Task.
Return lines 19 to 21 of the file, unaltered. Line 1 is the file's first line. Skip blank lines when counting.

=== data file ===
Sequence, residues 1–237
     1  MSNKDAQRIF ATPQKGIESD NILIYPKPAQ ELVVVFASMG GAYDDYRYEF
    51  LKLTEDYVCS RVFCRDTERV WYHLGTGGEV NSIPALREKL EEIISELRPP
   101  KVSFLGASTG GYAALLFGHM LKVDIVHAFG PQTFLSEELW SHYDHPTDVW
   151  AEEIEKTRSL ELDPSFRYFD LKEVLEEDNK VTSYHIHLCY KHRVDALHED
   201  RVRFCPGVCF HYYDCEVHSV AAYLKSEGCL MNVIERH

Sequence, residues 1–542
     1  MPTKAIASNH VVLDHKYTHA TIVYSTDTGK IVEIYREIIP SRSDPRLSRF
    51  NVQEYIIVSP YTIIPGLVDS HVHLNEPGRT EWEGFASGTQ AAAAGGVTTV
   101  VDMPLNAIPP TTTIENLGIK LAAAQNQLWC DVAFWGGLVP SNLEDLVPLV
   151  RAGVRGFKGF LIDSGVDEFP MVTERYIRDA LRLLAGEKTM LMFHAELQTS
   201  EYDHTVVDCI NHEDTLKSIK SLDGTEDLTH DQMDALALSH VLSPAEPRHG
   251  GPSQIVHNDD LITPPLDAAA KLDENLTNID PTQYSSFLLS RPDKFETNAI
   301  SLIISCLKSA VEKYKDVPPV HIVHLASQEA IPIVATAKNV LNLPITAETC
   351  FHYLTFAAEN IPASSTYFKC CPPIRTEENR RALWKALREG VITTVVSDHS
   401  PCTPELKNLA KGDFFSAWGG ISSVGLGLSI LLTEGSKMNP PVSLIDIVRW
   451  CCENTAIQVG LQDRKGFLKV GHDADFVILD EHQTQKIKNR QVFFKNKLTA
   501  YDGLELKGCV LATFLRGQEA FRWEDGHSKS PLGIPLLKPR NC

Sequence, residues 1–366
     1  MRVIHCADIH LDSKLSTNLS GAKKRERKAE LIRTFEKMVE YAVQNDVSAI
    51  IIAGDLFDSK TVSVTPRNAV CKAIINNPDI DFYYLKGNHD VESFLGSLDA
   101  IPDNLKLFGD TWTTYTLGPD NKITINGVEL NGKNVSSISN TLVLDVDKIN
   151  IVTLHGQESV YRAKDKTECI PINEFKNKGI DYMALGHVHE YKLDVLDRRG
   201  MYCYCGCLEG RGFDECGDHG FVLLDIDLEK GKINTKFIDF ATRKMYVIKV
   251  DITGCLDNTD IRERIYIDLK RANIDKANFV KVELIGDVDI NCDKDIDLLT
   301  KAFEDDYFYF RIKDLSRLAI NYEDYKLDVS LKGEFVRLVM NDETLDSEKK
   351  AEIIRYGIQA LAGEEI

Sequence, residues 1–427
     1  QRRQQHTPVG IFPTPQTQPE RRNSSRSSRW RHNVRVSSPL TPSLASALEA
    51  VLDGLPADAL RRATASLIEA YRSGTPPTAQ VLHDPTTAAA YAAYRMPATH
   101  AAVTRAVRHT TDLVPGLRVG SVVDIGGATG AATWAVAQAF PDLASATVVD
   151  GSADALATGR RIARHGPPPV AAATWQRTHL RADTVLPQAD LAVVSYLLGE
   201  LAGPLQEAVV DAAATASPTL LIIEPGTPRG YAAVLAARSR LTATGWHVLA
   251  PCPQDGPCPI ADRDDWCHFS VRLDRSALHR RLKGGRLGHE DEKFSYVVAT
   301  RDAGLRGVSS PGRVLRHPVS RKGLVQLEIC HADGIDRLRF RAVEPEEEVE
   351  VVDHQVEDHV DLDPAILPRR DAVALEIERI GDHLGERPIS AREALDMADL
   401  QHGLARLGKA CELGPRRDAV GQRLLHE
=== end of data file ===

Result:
Sequence, residues 1–366
     1  MRVIHCADIH LDSKLSTNLS GAKKRERKAE LIRTFEKMVE YAVQNDVSAI
    51  IIAGDLFDSK TVSVTPRNAV CKAIINNPDI DFYYLKGNHD VESFLGSLDA